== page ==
Dr. Jerry Sheward, right, chief medical officer for the state's new NeuroDiagnostic Institute, shows a living area to Indiana Lt. Gov. Suzanne Crouch. Floors have been designed around Hoosier landscapes. Scott L. Miley | CNHI News Indiana
Dr. Jerry Sheward, right, chief medical officer for the state's new NeuroDiagnostic Institute, shows a living area to Indiana Lt. Gov. Suzanne Crouch. Floors have been designed around Hoosier landscapes. Scott L. Miley | CNHI News Indiana
INDIANAPOLIS — About 1,500 Hoosiers are expected to be served annually by the new NeuroDiagnostIc Institute and Advanced Treatment Center.

The facility, Indiana's first new psychiatric hospital in over 50 years, is equipped with virtual reality, light therapy and brain imaging rooms.

"To give you an idea of the significance of expanding psychiatric services, it has been 53 years since Indiana has done what we're doing today," said Dr. Jennifer Walthall, secretary of the Indiana Family and Social Services Administration

On Friday, FSSA sponsored a ribbon-cutting, attended by more than 200, to open the $118 million facility, known as NDI.

Built next to Community Hospital East in Indianapolis, the 159-bed long-term care facility will offer treatment for adults and children who have complex neuropsychiatric illnesses. The goal is to reintegrate patients into the community or the state mental health system, which includes six psychiatric hospitals.

Patient referrals will come from community mental health centers, other state hospitals and court judges. Patients are to be accepted in the next few weeks, officials said. About 50 patients will be transferred from Indianapolis' Larue Carter Memorial Hospital, which is being shuttered.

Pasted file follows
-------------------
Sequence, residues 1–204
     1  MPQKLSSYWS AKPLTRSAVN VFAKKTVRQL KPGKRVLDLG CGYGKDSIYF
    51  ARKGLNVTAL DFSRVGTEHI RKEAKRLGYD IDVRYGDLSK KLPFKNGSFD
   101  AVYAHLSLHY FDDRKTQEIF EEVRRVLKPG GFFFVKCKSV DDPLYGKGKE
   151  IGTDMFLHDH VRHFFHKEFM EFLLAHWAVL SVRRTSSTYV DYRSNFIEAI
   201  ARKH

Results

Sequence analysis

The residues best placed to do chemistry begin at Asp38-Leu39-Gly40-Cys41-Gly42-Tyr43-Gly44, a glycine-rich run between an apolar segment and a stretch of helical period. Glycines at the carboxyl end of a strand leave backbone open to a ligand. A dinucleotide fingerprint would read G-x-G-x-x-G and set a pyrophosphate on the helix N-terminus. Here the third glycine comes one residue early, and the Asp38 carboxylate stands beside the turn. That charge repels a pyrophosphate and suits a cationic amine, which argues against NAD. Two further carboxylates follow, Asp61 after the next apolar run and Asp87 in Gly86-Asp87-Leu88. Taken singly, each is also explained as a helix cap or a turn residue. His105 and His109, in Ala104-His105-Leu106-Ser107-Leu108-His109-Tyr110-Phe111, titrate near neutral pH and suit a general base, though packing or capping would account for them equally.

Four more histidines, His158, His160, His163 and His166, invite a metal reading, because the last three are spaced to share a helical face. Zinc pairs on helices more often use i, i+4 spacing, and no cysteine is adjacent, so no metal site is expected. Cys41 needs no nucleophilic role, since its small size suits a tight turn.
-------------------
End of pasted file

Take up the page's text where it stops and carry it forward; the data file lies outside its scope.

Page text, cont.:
NDI, with a $30 million annual operating budget, will have a staff of about 500, including seven psychiatrists, 80 nurses and at least 200 behavioral health rehabilitation attendants.

NDI's chief medical officer, Dr. Jerry Sheward, worked 25 years with Aspire Indiana, which has mental health treatment facilities in Anderson, Lebanon, Carmel, Noblesville and Elwood. At Aspire, Sheward helped develop a tele-medicine plan for rural patient access to psychiatrists.

"This building is very technology heavy, so those kind of prior experiences are really helpful," Sheward said.

In rooms where patients will be monitored, doors have window blinds controlled from the hallway. To prevent suicides, rooms and bathrooms have been designed so a patient can't wrap a belt or blanket around a hook; sinks have push buttons and handrails have no opening between the rail and wall.

For privacy, an enclosed playground for children has been built on a roof. An outdoor picnic area is on a sixth-floor balcony protected by fencing. Lighting is circadian, designed to control the intensity and color of lights.

There's a sliding panel in one relaxation area that closes access to a water fountain to protect patients with a water consumption disorder. 

Special treatment rooms are set up for programs such as anti-depression stimulation using magnets, and there's a monitoring room for patients who suffer seizures.

A vacant room is set up — but not operational — for ketamine infusion therapy, which has been controversial for treatment of severe depression and suicidal tendencies. NDI will not initially use that infusion therapy, Sheward said.

Sven Schumacher is CEO of Lutheran Child and Family Services, located about a block from NDI. The facility includes Lutherwood, which serves behavioral or emotional impairment patients from the ages of 6 to 31.

"We are super excited about it because at Lutherwood we have young people that are waiting for placement or they could step down to our facility. It is very, very important," he said while touring the NDI facility.

Sheward hopes NDI's opening will elevate Indiana's reputation for psychiatric care.

"Community mental health centers and acute care hospitals don't necessarily see the state of Indiana as being a resource in providing longer-term care. This is an attempt to correct that situation," Sheward said.

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